Act 46 Windsor/West Windsor Merger

Frequently Asked Questions

Why are we voting on this merger of Windsor and West Windsor school districts?

Almost two years ago, all four of the school boards in our supervisory union (Windsor, West Windsor, Hartland, Weathersfield) formed what is called a 706b merger committee in order to comply with Act 46, passed by the VT legislature in 2015. The 706b merger committee was made up of members in all four towns equally. The committee met for over 20 months and looked at a variety of merger options.

After careful and significant deliberation, it was decided unanimously that Windsor and West Windsor should present a unified school district merger proposal to the State Board of Education. On January 17th, the State Board of Education approved the merger plan, which you can find here in the Final Report. This report has a lot of information on the “why”. Also, you can find the presentation for the February 2018 forums here. Both school boards decided that the best time to vote on this proposal would be Town Meeting Day 2018, which is March 6th.

Will my town lose school high school choice?

If you live in West Windsor, then eventually your town loses school choice. The newly formed district will secure choice for those students who are already enrolled in a junior or senior high school program. But after July 1, 2019, all students in the new district who are in the elementary grades will go to the unified high school, Windsor High School.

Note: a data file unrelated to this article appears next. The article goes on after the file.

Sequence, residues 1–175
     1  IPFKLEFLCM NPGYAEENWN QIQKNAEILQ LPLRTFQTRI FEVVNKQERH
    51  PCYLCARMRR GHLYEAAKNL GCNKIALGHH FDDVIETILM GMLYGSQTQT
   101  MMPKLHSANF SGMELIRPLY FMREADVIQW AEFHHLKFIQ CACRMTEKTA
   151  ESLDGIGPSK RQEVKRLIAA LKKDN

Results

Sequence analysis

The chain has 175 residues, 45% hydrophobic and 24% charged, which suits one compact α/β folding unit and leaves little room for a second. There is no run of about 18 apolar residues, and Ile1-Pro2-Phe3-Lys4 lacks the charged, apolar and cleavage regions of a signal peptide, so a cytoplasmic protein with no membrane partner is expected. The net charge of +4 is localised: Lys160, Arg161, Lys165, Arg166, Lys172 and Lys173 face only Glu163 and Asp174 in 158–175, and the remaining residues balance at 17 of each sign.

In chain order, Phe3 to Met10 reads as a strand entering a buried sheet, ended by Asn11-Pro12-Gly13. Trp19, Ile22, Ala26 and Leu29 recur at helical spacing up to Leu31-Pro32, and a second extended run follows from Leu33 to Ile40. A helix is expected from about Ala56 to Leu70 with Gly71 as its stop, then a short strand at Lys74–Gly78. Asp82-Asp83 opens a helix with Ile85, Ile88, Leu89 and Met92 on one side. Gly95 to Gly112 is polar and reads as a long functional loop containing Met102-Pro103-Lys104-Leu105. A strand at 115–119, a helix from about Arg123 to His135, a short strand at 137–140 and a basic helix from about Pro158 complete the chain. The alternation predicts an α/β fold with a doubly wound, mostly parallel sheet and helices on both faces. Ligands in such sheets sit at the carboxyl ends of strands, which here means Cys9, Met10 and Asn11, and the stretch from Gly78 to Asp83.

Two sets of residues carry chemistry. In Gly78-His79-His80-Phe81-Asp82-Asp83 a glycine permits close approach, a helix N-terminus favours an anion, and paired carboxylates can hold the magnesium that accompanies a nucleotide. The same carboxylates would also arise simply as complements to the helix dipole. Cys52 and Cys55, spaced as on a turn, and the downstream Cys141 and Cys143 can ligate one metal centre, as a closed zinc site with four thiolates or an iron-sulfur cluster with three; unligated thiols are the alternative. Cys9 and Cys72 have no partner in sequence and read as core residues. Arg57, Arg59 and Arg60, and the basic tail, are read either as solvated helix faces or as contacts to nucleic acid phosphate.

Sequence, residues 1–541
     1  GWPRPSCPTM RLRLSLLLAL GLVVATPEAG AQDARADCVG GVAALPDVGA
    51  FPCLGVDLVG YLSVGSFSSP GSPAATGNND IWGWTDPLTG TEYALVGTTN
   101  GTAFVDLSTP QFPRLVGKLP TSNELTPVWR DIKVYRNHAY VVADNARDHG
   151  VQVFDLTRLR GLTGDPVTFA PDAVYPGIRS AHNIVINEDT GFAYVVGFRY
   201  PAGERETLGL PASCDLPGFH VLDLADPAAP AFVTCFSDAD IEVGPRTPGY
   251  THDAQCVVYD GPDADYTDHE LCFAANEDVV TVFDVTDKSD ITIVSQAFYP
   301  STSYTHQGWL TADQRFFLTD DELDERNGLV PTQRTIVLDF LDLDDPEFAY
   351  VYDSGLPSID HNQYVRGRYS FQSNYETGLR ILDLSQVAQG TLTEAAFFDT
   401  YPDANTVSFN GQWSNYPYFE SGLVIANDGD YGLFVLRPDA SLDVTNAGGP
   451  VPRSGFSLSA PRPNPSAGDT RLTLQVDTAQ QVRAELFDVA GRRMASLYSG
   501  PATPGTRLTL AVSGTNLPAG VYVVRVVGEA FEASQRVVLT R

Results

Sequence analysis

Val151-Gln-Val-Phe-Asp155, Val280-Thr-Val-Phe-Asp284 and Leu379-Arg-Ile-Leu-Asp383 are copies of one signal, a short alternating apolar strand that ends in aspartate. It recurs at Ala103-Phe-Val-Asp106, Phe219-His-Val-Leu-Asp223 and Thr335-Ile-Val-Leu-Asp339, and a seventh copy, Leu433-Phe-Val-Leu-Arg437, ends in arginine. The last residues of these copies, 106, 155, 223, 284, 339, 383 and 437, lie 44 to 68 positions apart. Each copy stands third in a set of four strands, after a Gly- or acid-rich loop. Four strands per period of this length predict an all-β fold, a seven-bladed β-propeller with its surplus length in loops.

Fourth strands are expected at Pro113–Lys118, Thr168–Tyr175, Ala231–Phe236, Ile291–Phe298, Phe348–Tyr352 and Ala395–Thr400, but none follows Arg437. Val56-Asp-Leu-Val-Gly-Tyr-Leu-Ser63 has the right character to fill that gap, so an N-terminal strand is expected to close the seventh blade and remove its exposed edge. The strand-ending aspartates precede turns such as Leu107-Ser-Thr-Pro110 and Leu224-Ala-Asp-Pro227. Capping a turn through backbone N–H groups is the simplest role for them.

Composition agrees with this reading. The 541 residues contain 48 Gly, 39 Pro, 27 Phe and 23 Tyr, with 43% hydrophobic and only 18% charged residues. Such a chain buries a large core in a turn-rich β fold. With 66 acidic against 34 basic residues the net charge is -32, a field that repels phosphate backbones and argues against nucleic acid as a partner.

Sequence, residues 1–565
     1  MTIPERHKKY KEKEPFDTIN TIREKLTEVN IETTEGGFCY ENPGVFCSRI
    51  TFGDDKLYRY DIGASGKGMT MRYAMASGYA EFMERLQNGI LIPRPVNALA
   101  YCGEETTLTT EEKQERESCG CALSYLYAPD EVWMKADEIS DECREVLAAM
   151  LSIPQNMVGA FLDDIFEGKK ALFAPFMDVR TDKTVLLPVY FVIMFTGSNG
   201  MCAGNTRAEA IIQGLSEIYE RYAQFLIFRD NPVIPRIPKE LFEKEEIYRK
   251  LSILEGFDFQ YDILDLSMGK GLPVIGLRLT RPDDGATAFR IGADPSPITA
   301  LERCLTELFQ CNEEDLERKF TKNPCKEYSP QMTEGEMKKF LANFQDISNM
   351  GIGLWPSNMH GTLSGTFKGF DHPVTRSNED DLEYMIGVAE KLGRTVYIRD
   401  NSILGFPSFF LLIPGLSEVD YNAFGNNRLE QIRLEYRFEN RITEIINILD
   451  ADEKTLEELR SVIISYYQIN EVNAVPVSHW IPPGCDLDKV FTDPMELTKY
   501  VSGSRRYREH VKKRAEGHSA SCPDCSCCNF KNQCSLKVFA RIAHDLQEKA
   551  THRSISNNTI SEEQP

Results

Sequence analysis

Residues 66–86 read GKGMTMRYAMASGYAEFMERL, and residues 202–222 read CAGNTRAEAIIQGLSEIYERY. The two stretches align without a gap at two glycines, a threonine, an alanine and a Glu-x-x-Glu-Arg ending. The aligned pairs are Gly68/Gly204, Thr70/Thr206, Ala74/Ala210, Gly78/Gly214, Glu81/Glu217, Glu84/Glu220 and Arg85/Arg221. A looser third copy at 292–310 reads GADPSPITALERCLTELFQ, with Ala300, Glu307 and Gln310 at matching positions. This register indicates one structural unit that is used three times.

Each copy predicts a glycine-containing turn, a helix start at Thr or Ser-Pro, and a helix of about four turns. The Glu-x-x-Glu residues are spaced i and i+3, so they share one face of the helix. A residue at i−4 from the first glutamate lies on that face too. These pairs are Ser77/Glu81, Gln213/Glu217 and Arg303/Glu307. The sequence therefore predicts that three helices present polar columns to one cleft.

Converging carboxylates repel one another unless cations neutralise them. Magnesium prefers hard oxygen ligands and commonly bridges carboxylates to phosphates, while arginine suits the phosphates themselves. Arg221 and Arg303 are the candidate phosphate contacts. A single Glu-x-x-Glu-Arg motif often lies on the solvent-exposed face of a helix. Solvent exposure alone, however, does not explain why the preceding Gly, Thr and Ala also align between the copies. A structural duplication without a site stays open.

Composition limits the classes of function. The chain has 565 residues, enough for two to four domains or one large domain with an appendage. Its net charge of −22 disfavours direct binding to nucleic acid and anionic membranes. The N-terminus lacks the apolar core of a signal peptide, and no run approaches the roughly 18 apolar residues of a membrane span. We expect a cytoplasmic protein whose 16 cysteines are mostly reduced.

Are there  increased educational opportunities at Windsor Jr/Sr High because of the Merger?

Windsor Middle/High School already offers excellent programming for their students. In fact, compared to other area high schools, students do well on common statewide assessments.  That said, there is a plan to reinvest some of the tuition savings from West Windsor back into local programming. Remember, each year of the new merger fewer and fewer students will be in outside high school placements. This will save money. This reinvestment should provide expanded curriculum offerings, increased opportunities in the performing arts, and a more personalized approach to academic programming.  The new board, in consultation with the administration, will do a needs assessment and begin active planning for expanding opportunities as soon as the new district is formed.

Can voters in any of the towns close our school?

The new school district does not allow one town to close a school in the other town. The new school board, after the first four years of formation, can vote to close a school. However, that question would have to be voted on by Australian Ballot by the voters of both towns. These votes would be co-mingled.

I heard there are significant property tax changes if we merge.  What are they?

It is always hard to predict a future tax rate because the state changes the formula. In fact, this year the state is looking at a major overhaul of the school tax law. Our projections on a $100,000 house, without any property tax income-sensitivity adjustment, would amount to an increase of $65 in Windsor and a decrease of $800 in West Windsor. This would be a one-year adjustment.

Why is there such a difference in the projected tax rates for both towns?